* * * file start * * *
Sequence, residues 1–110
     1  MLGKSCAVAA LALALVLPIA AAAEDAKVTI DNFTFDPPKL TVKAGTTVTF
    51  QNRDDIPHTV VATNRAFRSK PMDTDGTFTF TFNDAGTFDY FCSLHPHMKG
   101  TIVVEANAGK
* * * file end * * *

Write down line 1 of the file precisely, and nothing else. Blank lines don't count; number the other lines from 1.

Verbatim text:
Sequence, residues 1–110